Robbery investigation leads to drug charges

Court report from last week's cases in Port Hardy's courtroom.

PORT HARDY—Jerry Coburn appeared before the magistrate in Port Hardy to answer charges stemming from a robbery in the town in 2011.

The court heard that two males gained entry to Overwaitea in December of 2011 and over the course of three hours made off with $4,536 worth of meat, cigarettes and DVDs. The males were caught on surveillance cameras but wore masks and gloves to hide their identities.

Port Hardy RCMP received information from a confidential informant that implicated one of the men, with whom Coburn was staying with at the time.

On investigation, officers found stolen goods on the property including in Coburn’s room and arrested one man who later confessed. The court heard that, although some goods were recovered, $1,011 of meat and $1,005 of cigarettes were unaccounted for.

Port Hardy RCMP contacted their colleagues in Campbell River to locate Coburn at an address in the town. Coburn was not present but officers tracked him to a second Campbell River address.

When officers went to the home Coburn fled out the back door and was able to elude officers.

His escape was short-lived however, as a foot patrol located the suspect outside the local VIRL branch two days later.

Searching the man, officers found drug paraphernalia, including syringes and a quarter-full pill bottle of what later turned out to be 7g of morphine with a street value of $1,400.

The judge accepted Crown’s recommendations and handed down three days for morphine possession and a six month conditional sentence, one year’s probation and $1,008 in reparations for the breaking and entering offence.

 

 

 

Joyride

Last week in Port Hardy Roy Hunt answered charges stemming from an attempted vehicle theft in the spring of 2012.

The court heard that the accused, along with another male, had been drinking when Hunt decided he wanted to go to either Vancouver or Victoria.

The pair then smashed two windows out of a Jeep in an apparent attempt to take the vehicle. The owner discovered his vehicle moved and responding RCMP officers detained Hunt and another man walking away from the Jeep.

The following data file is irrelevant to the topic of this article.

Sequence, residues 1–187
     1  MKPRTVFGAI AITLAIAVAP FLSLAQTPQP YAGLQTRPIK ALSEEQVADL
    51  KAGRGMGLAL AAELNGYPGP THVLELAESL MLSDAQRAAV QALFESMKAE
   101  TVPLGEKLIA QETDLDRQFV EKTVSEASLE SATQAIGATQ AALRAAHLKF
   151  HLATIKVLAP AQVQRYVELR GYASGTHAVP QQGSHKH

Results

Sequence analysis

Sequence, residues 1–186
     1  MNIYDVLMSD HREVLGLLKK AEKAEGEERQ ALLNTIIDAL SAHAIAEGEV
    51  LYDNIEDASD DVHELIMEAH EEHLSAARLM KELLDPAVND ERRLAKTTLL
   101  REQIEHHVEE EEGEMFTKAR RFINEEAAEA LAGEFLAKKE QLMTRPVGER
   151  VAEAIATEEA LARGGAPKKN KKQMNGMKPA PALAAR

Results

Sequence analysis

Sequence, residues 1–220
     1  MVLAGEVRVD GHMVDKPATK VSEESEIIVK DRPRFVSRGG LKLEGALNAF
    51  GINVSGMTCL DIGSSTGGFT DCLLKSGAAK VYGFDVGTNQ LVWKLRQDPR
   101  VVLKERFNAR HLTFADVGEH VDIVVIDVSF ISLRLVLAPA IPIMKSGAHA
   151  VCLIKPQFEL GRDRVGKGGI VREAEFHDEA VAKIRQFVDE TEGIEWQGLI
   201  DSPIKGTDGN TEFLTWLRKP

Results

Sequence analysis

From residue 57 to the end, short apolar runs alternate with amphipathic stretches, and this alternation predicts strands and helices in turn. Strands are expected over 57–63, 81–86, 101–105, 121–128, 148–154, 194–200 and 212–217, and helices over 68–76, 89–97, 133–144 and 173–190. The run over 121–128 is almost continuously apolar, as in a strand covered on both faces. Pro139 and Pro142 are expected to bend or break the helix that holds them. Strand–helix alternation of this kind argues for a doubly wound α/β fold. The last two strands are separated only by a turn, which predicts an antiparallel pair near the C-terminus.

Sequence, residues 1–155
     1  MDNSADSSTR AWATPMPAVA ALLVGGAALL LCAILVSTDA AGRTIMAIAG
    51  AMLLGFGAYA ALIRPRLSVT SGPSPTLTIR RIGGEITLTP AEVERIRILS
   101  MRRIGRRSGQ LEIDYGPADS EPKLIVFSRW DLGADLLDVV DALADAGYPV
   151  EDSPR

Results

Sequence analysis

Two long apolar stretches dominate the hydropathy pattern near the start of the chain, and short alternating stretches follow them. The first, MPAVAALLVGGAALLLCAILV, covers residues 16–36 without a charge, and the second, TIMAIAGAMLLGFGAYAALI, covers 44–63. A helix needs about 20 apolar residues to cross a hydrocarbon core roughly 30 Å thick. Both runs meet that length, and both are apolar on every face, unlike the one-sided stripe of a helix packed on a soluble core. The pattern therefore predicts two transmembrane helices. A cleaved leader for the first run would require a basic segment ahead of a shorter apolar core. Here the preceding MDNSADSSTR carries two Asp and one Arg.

Officers found wires pulled out under the steering column and the pair of accused had seemingly moved the vehicle in a failed attempt to jump-start it. RCMP members also discovered Hunt’s credit card on the floor of the vehicle.

The court heard that the repair for the damage came to $900.

Crown counsel described the incident as “mindless vandalism. It is clear that what (Hunt) had in mind was to steal this truck.”

Hunt was remorseful for his actions and informed Judge Sutton, presiding, that he would like the opportunity to apologize to the victim for his actions. In response to a question from the Judge, Hunt said that his grandmother was angry with him for his actions.

Citing Hunt’s limited record and demeanor in court, Judge Sutton said that he sensed “a movement afoot” within Hunt. He sentenced Hunt to a year’s probation, along with $450 restitution for the damage to the vehicle. In addition, he told Hunt to follow through and apologize to the victim and also to go in front of his Elders and apologize to them for his conduct.

The Judge then advised Hunt to heed his díi náan — the Haida word for grandmother — and asked if the word was the same locally. Counsel for the defense, Les Taylor, noted with a smile that it had been some time since he’d heard that word and informed the Judge that ‘ada’ was the Kwak’wala term.

 

“Be proud of who you are, be proud of your name, and stay out of trouble,” the Judge told Hunt.

 

 

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